9 CharacterizationThe effect a character has on other characters also helps readers understand his personality.The children of the village would shout with joy whenever he approached Whenever he went dodging about the village he was surrounded by a troop of them and not a dog would bark at him throughout the neighborhood.from “Rip Van Winkle” by Washington Irving
10 Round CharactersMost main characters are called round because their characterization reveals that they…are well-rounded, just like most real peopleare complex personalities, just like most real peoplehave more than one personality trait
11 Flat CharactersMost minor characters are called flat because their characterization reveals that they…are NOT well-roundedcan be described easilyare simple characters with very few personality traits
12 Stock characters are so flat they are stereotypes. They fit readers’ preconceived ideas about “types,” such as a mad scientist or a nagging wifeThey seriously lack the complexity of a real person[Rip’s] wife kept continually dinning in his ears about his idleness, his carelessness, and the ruin he was bringing on the family. Morning, noon, and night, her tongue was incessantly goingfrom “Rip Van Winkle” by Washington Irving
13 Dynamic Characters Reading Tip Dynamic characters change or grow as a result of the development of the story’s action.Most dynamic characters are main characters.They can gain a new understanding, make an important decision, or take a crucial action.Reading TipThe change a dynamic character makes is usually a clue to the overall theme of the work!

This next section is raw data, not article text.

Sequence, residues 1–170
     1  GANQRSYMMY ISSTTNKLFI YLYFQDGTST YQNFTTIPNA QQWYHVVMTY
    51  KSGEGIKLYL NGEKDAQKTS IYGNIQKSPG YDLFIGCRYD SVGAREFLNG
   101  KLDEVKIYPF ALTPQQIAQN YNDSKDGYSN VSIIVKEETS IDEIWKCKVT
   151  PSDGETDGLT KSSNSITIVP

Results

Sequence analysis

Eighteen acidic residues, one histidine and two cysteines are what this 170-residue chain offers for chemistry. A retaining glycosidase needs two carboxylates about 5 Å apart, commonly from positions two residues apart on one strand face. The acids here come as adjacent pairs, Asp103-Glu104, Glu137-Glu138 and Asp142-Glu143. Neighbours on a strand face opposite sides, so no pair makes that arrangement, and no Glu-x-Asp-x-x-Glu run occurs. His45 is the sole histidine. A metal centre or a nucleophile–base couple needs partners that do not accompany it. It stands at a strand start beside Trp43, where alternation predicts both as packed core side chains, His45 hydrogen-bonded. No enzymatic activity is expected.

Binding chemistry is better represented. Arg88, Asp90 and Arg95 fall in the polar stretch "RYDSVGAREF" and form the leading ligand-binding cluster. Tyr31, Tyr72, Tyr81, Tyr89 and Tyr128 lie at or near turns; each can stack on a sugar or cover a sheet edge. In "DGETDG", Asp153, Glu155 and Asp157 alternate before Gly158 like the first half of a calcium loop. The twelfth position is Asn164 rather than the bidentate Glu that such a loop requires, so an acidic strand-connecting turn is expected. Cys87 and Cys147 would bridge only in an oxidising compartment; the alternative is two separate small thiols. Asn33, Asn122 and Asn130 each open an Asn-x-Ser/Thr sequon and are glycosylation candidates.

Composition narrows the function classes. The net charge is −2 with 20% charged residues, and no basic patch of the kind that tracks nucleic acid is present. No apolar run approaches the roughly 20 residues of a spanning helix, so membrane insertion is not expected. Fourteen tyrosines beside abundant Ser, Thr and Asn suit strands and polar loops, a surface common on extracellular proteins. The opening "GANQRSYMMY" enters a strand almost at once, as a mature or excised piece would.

14 Static CharactersStatic characters are usually exactly the same as the story ends as they were when it began.They DO NOT change or grow as a result of the development of the plot of the story.Nonetheless, they support the plot without distracting the reader from the main action involving the protagonist’s change/growth.They are almost always minor or incidental.
15 MotivationWriters can make characters believable by revealing what motivates them to act as they do.A character’s motivation…is based on his or her needs or conflictsexplains why he or she acts, feels, and/or thinksmust usually be inferred from the clues of the story
16 Review Questions1. Explain the relationship between the protagonist and antagonist. The protagonist is the main character. The antagonist is the force opposing the protagonist. The conflict is the struggle between them. 2. Explain the difference between direct and indirect characterization. Direct characterization is when the author explicitly describes the character. Indirect characterization is when the reader must infer. 3. List five ways an author can reveal character indirectly. Appearance, Dialogue, Thoughts, Actions, Effects 4. Explain the difference between round and flat characters. Round characters are main characters who are well-rounded and have complex personalities. Flat characters are minor and simple characters. 5. Explain the difference between dynamic and static characters. Dynamic characters change or grow; Static characters do not.